Document Detail


Phage integrases: biology and applications.
MedLine Citation:
PMID:  14687564     Owner:  NLM     Status:  MEDLINE    
Abstract/OtherAbstract:
Phage integrases are enzymes that mediate unidirectional site-specific recombination between two DNA recognition sequences, the phage attachment site, attP, and the bacterial attachment site, attB. Integrases may be grouped into two major families, the tyrosine recombinases and the serine recombinases, based on their mode of catalysis. Tyrosine family integrases, such as lambda integrase, utilize a catalytic tyrosine to mediate strand cleavage, tend to recognize longer attP sequences, and require other proteins encoded by the phage or the host bacteria. Phage integrases from the serine family are larger, use a catalytic serine for strand cleavage, recognize shorter attP sequences, and do not require host cofactors. Phage integrases mediate efficient site-specific recombination between two different sequences that are relatively short, yet long enough to be specific on a genomic scale. These properties give phage integrases growing importance for the genetic manipulation of living eukaryotic cells, especially those with large genomes such as mammals and most plants, for which there are few tools for precise manipulation of the genome. Integrases of the serine family have been shown to work efficiently in mammalian cells, mediating efficient integration at introduced att sites or native sequences that have partial identity to att sites. This reaction has applications in areas such as gene therapy, construction of transgenic organisms, and manipulation of cell lines. Directed evolution can be used to increase further the affinity of an integrase for a particular native sequence, opening up additional applications for genomic modification.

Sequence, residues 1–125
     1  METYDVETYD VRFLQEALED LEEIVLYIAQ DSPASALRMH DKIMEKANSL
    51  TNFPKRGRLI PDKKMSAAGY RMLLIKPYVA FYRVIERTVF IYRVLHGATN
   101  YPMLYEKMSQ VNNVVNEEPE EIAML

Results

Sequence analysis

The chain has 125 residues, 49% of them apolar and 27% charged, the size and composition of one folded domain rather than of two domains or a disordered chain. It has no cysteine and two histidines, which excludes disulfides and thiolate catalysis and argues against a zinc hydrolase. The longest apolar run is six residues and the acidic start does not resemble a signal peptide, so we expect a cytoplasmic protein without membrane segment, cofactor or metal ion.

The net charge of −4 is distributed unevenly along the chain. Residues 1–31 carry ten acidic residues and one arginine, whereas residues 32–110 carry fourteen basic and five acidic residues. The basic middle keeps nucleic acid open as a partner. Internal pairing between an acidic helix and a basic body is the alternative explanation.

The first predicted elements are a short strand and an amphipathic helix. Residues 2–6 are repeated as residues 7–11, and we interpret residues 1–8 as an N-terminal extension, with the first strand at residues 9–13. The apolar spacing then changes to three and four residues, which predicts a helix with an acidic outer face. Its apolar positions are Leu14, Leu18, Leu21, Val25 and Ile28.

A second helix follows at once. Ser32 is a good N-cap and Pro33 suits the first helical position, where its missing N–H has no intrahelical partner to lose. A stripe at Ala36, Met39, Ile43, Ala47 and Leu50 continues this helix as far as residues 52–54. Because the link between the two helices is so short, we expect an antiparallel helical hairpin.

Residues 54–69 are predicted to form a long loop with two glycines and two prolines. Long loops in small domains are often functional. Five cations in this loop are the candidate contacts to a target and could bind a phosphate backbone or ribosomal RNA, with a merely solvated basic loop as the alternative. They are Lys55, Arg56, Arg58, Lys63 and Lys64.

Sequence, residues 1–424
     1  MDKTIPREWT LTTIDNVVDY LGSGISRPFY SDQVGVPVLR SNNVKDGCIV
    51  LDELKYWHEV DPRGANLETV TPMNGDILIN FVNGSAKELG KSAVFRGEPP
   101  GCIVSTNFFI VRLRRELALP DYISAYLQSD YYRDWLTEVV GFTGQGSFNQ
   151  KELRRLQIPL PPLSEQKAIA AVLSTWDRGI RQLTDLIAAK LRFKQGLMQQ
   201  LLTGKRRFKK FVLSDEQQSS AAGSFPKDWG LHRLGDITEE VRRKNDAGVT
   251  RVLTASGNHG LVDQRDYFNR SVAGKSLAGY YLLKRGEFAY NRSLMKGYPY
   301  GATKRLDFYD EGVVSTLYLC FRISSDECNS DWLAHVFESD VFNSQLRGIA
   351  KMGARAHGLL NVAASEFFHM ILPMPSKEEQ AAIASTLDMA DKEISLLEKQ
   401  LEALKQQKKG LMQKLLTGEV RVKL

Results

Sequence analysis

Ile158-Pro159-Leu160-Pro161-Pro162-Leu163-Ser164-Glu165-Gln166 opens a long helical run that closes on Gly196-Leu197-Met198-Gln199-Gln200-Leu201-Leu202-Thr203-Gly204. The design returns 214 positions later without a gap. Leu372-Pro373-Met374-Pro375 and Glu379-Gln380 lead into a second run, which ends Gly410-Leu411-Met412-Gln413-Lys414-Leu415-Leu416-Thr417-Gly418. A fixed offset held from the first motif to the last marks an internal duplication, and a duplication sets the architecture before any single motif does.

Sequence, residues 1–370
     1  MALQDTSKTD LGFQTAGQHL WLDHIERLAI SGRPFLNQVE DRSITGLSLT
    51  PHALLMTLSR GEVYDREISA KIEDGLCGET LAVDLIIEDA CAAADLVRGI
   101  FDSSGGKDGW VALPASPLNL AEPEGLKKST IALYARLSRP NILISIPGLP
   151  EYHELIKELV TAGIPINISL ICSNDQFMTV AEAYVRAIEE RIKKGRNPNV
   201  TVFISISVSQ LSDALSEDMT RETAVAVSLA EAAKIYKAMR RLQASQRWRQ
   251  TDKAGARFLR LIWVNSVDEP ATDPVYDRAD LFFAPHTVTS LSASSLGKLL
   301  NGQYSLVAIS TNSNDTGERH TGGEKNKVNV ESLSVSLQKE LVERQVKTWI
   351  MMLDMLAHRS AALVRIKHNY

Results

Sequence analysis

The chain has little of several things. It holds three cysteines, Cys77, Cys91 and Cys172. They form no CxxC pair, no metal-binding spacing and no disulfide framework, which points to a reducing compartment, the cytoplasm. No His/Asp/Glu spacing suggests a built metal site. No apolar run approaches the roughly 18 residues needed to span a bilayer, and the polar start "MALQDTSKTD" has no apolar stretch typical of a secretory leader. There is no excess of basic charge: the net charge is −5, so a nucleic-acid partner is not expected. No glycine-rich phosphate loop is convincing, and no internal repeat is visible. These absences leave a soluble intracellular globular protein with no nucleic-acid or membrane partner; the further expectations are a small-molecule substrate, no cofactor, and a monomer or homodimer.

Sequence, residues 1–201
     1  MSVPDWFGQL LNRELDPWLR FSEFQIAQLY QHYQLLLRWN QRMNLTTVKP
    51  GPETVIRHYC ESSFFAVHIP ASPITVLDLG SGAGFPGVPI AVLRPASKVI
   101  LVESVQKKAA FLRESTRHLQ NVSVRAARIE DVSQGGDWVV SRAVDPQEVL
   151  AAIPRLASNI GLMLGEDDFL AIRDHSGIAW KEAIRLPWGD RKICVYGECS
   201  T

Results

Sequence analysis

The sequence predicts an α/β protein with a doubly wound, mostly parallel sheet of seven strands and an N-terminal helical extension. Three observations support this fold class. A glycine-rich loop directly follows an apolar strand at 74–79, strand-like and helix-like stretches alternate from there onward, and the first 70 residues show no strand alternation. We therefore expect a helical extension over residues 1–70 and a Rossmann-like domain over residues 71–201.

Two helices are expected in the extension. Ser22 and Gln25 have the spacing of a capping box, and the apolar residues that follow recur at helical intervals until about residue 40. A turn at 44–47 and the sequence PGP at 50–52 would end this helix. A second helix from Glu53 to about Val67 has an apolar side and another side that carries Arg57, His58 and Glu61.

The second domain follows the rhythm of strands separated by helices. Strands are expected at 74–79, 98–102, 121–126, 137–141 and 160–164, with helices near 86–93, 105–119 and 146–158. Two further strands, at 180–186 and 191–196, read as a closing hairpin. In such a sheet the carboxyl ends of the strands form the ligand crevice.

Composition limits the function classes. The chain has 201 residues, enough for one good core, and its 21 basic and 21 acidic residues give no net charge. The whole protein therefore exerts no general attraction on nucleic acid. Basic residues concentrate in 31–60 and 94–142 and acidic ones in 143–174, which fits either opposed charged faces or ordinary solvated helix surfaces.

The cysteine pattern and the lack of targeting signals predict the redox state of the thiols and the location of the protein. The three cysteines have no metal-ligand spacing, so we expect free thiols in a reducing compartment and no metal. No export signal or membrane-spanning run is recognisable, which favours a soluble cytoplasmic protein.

Authors:
Amy C Groth; Michele P Calos
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Publication Detail:
Type:  Journal Article; Research Support, U.S. Gov't, P.H.S.; Review    
Journal Detail:
Title:  Journal of molecular biology     Volume:  335     ISSN:  0022-2836     ISO Abbreviation:  J. Mol. Biol.     Publication Date:  2004 Jan 
Date Detail:
Created Date:  2003-12-22     Completed Date:  2004-02-03     Revised Date:  2007-11-14    
Medline Journal Info:
Nlm Unique ID:  2985088R     Medline TA:  J Mol Biol     Country:  England    
Other Details:
Languages:  eng     Pagination:  667-78     Citation Subset:  IM    
Affiliation:
Department of Genetics, Stanford University School of Medicine, Stanford, CA 94305-5120, USA.
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MeSH Terms
Descriptor/Qualifier:
Animals
Bacteriophages / enzymology*
Binding Sites
Genetic Engineering*
Humans
Integrases / chemistry,  classification,  genetics*
Protein Conformation
Substrate Specificity
Grant Support
ID/Acronym/Agency:
DK58187/DK/NIDDK NIH HHS; HL68112/HL/NHLBI NIH HHS
Chemical
Reg. No./Substance:
EC 2.7.7.-/Integrases

From MEDLINE®/PubMed®, a database of the U.S. National Library of Medicine


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